-summer job skills apprenticeship program for middle school students serving 10 students
    -high school student employment opportunities

    *12 student employees during the summer at New City Farm
    *4 student manager during the summer at New City Farm
    *6 student employees during the academic year at New City Farm *10 student employees over the year for elementary programs

    New City Farm hires 12 high school student employees from our neighborhood each summer. Six of those students continue as employees for the following academic year. In 2017 we plan to hire four additional youth who will serve as managers for New City Farm and New City Cafe. The manager positions will be available to youth who have worked on the farm for two years. This project will allow these managers the opportunity to share their expertise with the elementary students and middle school apprentices through cooking and gardening clubs. The middle school apprentices will be working alongside high school students in each summer program listed above, exposing them to farming, cooking, and youth programming.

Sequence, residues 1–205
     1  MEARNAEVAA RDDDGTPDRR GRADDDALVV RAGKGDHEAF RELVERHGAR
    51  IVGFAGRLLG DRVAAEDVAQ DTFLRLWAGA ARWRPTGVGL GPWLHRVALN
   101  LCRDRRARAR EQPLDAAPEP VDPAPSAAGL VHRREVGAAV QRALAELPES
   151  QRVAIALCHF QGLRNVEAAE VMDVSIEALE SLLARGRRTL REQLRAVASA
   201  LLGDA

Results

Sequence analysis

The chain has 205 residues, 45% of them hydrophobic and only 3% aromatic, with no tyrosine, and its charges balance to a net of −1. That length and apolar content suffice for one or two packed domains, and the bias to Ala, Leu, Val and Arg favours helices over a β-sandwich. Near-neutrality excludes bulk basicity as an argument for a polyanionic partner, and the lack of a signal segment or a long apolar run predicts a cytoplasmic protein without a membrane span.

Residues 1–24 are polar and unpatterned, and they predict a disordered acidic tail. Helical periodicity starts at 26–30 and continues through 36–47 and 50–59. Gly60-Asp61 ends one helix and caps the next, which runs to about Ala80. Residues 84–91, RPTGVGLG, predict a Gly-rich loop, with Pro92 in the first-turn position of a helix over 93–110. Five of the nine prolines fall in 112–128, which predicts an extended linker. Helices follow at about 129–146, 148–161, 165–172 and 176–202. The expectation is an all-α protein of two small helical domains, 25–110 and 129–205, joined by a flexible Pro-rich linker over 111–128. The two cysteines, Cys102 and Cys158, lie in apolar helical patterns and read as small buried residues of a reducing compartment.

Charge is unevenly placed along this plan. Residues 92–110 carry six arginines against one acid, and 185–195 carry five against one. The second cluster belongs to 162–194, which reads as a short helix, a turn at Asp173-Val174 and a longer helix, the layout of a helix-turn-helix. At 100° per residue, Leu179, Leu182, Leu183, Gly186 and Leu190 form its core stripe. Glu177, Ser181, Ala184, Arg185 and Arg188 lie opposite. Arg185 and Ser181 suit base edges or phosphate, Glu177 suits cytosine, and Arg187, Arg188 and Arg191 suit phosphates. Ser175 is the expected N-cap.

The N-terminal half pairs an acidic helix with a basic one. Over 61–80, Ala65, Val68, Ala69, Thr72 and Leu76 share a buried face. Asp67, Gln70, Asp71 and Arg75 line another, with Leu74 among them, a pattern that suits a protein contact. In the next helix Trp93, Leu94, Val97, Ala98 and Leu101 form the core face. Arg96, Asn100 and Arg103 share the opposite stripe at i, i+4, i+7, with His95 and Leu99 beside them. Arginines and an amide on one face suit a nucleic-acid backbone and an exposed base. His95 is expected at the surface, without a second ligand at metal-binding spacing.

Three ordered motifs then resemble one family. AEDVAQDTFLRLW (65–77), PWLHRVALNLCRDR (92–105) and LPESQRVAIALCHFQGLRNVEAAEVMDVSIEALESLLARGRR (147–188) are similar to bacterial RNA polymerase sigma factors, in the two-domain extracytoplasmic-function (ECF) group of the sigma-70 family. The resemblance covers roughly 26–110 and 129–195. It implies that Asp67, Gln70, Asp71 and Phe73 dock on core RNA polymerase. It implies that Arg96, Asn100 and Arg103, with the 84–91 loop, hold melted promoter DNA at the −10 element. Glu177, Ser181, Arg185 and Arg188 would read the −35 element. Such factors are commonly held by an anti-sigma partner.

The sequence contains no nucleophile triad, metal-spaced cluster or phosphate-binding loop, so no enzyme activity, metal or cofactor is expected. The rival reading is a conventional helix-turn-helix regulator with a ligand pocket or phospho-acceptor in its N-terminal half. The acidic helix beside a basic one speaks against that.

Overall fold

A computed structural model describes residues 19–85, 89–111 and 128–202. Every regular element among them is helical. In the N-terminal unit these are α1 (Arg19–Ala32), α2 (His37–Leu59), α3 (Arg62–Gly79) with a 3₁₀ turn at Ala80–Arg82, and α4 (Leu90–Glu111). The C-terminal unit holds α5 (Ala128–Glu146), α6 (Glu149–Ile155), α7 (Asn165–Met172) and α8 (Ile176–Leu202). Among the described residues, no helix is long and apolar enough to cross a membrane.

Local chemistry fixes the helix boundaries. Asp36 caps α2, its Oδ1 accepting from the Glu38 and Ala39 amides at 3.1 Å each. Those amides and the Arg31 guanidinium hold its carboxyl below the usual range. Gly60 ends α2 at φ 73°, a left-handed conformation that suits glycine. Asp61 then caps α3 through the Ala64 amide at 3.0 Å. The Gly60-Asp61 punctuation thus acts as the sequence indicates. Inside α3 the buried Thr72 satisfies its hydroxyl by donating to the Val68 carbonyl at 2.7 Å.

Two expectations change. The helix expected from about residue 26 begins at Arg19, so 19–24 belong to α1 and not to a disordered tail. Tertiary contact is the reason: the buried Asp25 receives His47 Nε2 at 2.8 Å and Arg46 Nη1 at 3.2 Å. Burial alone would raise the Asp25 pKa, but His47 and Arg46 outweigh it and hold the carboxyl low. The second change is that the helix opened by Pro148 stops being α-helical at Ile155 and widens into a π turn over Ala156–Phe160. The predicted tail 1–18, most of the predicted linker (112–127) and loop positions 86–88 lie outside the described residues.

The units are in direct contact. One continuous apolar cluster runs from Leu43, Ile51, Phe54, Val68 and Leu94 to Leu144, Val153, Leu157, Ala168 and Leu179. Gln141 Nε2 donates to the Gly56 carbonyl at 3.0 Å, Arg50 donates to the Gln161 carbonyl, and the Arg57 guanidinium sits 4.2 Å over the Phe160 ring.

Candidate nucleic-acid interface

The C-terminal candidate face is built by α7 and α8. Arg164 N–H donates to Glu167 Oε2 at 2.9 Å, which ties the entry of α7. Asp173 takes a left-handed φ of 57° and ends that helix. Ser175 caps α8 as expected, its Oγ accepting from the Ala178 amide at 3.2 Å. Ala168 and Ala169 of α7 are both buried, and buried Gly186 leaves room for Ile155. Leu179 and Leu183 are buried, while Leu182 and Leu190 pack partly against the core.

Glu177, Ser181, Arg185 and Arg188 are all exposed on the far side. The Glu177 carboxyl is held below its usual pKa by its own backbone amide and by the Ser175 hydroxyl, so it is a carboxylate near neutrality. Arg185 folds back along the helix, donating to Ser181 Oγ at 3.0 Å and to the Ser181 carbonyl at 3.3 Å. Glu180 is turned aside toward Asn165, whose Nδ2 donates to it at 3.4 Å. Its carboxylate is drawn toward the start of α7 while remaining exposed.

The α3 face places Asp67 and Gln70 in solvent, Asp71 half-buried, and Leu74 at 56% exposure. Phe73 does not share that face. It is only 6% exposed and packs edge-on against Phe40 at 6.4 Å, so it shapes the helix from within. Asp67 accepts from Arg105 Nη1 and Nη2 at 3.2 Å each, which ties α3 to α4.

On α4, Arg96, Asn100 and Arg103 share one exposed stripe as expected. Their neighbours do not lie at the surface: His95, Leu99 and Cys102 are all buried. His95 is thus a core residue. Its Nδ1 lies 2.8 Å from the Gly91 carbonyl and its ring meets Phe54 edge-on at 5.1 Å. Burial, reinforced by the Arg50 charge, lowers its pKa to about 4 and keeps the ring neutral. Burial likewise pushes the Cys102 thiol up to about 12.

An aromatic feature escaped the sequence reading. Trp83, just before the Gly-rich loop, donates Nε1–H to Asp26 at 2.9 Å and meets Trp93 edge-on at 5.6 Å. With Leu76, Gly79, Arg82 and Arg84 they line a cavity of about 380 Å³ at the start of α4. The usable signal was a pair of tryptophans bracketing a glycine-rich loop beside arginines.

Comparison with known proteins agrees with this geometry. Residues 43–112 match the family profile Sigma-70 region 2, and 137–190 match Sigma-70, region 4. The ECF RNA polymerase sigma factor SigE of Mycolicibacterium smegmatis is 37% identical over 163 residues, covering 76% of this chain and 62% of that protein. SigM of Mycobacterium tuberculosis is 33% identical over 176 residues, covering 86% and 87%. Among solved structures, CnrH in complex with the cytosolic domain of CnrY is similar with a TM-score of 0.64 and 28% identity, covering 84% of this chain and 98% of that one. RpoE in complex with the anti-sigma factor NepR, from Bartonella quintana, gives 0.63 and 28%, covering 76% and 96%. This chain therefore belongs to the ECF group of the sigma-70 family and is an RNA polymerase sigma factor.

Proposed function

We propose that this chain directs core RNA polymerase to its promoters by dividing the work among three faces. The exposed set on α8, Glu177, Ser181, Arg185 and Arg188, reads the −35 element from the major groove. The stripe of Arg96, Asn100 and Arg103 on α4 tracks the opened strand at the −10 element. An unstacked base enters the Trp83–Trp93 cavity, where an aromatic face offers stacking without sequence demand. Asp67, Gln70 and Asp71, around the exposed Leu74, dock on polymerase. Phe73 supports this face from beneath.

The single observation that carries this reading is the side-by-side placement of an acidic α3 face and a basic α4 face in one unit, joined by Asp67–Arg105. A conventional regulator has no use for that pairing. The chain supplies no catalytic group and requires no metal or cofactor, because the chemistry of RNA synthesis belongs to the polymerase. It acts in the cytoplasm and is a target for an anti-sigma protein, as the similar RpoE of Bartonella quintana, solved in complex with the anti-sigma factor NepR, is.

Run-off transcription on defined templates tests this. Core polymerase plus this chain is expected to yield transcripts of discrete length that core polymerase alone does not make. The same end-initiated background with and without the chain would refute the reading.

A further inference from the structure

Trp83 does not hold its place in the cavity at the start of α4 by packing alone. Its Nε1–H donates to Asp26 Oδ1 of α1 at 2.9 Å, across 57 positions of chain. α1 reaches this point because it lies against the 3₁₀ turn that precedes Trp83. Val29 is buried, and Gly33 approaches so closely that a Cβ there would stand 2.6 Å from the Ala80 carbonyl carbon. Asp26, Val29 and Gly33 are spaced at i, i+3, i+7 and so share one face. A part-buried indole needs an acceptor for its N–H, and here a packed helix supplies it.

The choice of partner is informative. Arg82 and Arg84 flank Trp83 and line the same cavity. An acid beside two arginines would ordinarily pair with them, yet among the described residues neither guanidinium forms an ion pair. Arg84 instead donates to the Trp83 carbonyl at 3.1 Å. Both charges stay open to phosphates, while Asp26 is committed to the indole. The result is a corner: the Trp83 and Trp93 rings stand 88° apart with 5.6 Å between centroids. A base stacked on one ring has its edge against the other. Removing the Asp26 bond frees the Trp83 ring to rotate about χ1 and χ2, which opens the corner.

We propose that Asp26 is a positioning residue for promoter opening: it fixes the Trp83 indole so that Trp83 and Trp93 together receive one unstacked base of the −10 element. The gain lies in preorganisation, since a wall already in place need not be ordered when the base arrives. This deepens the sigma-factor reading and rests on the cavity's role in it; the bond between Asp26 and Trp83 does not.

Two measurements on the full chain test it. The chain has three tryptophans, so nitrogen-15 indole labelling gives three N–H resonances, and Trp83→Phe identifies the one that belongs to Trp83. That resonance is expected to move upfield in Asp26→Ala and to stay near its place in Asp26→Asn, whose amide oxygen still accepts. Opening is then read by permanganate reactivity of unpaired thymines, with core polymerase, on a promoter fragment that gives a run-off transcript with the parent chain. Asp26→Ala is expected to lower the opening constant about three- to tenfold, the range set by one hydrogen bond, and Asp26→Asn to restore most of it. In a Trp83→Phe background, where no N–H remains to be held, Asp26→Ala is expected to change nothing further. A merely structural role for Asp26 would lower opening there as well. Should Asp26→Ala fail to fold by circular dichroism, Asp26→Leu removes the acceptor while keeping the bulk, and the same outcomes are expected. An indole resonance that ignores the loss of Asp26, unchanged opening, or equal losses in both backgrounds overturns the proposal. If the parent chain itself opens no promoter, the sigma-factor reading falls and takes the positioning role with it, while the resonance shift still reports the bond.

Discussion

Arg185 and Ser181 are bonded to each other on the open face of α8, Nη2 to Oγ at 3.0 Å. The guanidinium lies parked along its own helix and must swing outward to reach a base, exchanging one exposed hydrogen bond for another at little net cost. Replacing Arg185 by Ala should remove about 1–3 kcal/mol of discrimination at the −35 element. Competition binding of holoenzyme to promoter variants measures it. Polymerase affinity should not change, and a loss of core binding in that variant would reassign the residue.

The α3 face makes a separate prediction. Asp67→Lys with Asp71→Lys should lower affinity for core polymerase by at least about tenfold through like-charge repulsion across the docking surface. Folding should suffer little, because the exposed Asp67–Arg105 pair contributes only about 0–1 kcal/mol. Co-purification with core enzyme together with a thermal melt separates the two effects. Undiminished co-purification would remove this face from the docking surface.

Economically Sustainable:
    The New City Farm student employees and managers will be involved in every aspect of our CSA farm operation and value added cafe. In 2016 the farm sold 115 summer CSA shares and 40 winter CSA shares grossing over $80,000 in revenue. Our café will be debuted in 2017 and will feature farm to table wood fired pizza, soups, salads and baked goods that will be sold to our customers. This revenue makes our programs sustainable over time.

    Ecologically Sustainable: